Shippers and shore dwellers may suffer the effects of low water
levels again this year, unless Mother Nature sees fit to provide a rainy
spring and summer.
Environment Canada's Peter Yee says Lake Ontario is lower now
than it was at this time last year and unless a significant amount of wet
weather comes this way, water levels will peak in June well below average.
"The situation is a little bit better by the day, but levels are still
below average for this time of year," Yee said.
Water levels reached their lowest point on New Year's Day, at
74.26 metres above sea level. Though levels have risen 36 centimetres
since, the lake is just 21 centimetres above average, says Yee.
Last year at this time, water levels were 69 centimetres above
average but by fall people who rely on the lake faced hardship:
- Major shippers were forced to reduce cargo to get through
the St. Lawrence Seaway.
- The Amherst Island ferry was put out of commission because car
ramps couldn't reach the docks.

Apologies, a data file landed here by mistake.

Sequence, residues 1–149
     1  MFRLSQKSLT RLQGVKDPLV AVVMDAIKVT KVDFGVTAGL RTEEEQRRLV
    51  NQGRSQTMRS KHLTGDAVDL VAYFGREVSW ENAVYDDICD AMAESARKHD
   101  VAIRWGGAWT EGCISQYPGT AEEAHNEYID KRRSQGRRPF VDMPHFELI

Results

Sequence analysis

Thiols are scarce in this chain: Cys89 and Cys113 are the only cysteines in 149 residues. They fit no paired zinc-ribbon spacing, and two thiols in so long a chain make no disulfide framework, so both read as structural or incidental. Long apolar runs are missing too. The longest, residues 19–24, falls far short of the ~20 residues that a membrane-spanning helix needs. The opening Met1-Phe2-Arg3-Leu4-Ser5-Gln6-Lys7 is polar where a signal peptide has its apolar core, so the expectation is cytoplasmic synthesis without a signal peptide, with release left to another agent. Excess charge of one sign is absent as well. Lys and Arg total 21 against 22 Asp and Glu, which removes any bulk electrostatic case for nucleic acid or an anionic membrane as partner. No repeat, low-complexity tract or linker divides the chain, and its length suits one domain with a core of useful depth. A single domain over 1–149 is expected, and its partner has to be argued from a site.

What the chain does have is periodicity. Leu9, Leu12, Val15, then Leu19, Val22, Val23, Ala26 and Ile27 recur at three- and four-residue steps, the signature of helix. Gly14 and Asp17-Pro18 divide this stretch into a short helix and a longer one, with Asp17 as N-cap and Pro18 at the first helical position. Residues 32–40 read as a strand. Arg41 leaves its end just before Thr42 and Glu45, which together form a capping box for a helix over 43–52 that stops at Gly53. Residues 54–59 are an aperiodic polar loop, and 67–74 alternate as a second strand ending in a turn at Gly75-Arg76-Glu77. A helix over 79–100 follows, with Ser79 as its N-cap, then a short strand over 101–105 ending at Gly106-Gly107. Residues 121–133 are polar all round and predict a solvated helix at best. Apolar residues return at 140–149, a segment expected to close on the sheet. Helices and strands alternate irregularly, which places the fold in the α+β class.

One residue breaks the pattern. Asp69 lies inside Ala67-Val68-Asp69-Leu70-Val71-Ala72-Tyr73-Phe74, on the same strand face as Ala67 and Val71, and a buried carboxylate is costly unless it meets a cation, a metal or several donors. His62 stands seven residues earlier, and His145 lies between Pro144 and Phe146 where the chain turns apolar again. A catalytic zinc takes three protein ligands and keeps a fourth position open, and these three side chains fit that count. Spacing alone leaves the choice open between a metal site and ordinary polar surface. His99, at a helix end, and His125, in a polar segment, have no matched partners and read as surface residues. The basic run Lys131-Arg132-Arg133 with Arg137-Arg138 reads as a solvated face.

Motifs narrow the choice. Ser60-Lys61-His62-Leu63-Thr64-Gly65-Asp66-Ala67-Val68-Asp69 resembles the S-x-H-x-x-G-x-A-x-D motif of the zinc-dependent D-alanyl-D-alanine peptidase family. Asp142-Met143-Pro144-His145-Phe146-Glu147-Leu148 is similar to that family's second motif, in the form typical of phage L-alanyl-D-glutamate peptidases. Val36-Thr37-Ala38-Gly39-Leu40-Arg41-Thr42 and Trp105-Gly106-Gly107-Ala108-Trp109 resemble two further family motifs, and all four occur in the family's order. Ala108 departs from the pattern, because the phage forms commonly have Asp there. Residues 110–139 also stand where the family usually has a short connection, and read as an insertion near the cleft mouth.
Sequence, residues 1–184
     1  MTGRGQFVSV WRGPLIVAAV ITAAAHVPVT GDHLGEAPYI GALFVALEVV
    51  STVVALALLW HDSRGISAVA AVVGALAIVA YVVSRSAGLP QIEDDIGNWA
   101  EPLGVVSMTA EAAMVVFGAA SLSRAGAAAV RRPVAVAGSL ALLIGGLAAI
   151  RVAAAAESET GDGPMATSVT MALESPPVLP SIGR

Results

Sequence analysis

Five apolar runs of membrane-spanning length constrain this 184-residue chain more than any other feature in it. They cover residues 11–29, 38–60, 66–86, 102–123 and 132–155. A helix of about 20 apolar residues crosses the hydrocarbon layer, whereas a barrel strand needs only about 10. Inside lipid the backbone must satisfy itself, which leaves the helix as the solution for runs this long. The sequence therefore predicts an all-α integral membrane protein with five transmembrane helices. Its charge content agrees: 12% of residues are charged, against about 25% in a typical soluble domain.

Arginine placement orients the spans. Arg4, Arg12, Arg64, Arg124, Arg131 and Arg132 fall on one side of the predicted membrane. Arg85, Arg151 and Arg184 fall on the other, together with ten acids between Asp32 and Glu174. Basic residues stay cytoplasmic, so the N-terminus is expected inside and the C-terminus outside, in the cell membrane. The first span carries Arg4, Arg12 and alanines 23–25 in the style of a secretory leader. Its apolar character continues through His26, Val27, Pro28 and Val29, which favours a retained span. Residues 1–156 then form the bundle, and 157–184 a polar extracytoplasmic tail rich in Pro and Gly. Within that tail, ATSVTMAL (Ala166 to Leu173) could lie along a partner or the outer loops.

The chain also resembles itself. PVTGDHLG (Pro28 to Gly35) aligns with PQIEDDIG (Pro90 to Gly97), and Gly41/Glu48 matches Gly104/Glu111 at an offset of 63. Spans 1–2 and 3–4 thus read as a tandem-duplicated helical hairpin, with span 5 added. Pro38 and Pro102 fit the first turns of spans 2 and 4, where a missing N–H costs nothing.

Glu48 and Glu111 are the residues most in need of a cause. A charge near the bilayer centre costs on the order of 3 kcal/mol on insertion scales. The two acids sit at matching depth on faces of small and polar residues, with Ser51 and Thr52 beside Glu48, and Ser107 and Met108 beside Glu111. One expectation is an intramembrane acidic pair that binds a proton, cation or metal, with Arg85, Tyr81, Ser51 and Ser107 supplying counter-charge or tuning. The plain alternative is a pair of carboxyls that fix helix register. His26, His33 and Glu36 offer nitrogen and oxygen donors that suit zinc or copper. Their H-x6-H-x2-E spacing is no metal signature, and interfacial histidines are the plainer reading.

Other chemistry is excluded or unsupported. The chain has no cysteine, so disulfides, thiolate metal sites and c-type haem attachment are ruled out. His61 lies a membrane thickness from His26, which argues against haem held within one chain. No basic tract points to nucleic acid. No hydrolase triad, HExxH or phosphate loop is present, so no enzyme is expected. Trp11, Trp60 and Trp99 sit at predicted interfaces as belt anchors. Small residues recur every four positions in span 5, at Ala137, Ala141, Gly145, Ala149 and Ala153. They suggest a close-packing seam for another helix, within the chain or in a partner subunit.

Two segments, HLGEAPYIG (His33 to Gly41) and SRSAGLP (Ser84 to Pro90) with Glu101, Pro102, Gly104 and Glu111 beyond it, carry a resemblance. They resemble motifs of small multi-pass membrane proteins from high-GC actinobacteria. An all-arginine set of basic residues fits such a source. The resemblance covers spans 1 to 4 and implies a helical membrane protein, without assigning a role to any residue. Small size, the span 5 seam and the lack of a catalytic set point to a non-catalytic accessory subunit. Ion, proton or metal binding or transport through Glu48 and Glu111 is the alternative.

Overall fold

- Dozens of rural wells ran dry.
Though Kingston-area residents suffered, the International Joint
Commission had to allow higher than normal water output through
Seaway locks to keep Montreal harbour, the core of Canada's container
shipping industry, deep enough for ship traffic. Even with that, the
harbour experienced record lows.
Critics say the International Joint Commission let too much
water flow out of Lake Ontario last year in anticipation of flooding after
the ice storm, creating a problem that went unnoticed until it was too
Yee concedes higher than normal flows were allowed out of
the lake, but he says the problem of low water levels was caused by a
dry summer and fall.
By its own admission, the International Joint Commission has
been unsuccessful in trying to regulate water levels since it built a
series of dams between Kingston and Montreal in the late 1950's.
"Since the regulation of outflows from Lake Ontario began in
1960, water supplies more extreme than those experienced prior to
regulation have occcurred," says a study undertaken by the
International St. Lawrence River Board of Control, the Canadian body
that oversees water levels.
In response, the board devised a new flow plan which was
supposed to go into effect in January this year. But at the last minute,
the commission decided to stick with the old plan - D1958 ~ which
allows significant discretion in adjusting outflows to prevent flooding
or increase supply.
Yee won't speculate on the amount of precipitation that might
fall on the Kingston region this summer or on how much water flows
might have to be adjusted as a result.
"Even the weatherman won't stick his neck out past five days,"